The Google I/O developer conference may have finished, but the message to some of the biggest players in the industry is pretty clear: let's rumble.
The first target for Google is Apple. The iPhone and iPad have been enormous successes and helped make Apple one of the largest and richest companies in the world.
Google made it clear during the conference that it intends to shake things up in Apple's traditional markets.
The company laid out its roadmap for Android development for the next year and is promising features that Apple does not seem able to match at the moment. Android 3.1 is expected sooner rather than later for tablets, and Android will be back to a single platform for tablets and handsets by the end of the year.
On the hardware side, attendees were given a Samsung Galaxy Tab 10in tablet which will be out later in the year. In terms of hardware it is as good as the iPad in many respects, and Android is approaching iOS in terms of usability.
Meanwhile, the range of smartphones running Android continues to grow. Some 400,000 new handsets are activated daily, according to Google, and there are 4.5 billion mobile applications in use on the platform.
Android may be the most popular smartphone operating system in the world, but it is not the most desired and certainly not the most mature on the market. Apple scoops that prize, but Google is looking to get developers onside and is willing to change the market to do it.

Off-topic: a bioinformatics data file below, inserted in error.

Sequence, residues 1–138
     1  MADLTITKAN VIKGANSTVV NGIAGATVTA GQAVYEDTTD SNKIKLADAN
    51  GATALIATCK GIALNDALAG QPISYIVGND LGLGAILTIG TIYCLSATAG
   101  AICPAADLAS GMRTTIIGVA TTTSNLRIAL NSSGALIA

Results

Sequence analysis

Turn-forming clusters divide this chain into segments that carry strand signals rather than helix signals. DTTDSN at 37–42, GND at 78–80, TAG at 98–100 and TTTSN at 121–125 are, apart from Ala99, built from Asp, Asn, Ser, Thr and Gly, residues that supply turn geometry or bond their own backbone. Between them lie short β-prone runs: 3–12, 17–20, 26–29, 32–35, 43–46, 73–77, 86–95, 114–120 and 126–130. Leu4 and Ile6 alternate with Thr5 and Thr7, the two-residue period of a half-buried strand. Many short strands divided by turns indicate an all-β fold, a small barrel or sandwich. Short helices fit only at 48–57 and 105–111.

Take, for example, the company's announcement that it will charge Chrome developers just five per cent of the gross for applications sales, compared with the 30 per cent that Apple set as the standard when it opened the market, a commission structure others have followed.
The move is a canny one. Apple is coming under increasing criticism for its policy of taking a 30 per cent cut of everything that comes through the App Store, and some companies are saying they cannot compete if Apple takes all their margins.
The company has proved utterly inflexible on the arrangement, and the move by Google is the opening salvo in a price war that could see a huge shift in developer focus.
Google is also taking on Apple in the music sphere with the beta launch of a cloud music storage system. Having used it for a day or so the jury is still out; it certainly does a lot of the things that iTunes does, with the bonus of being device-independent and requiring no cables or synchronisation.
The company has also tied up deals with major studios to allow movies to be rented on YouTube and Android, which is another important revenue area for Apple. But before you think this is all about Steve Jobs, Google has other targets in its sights.
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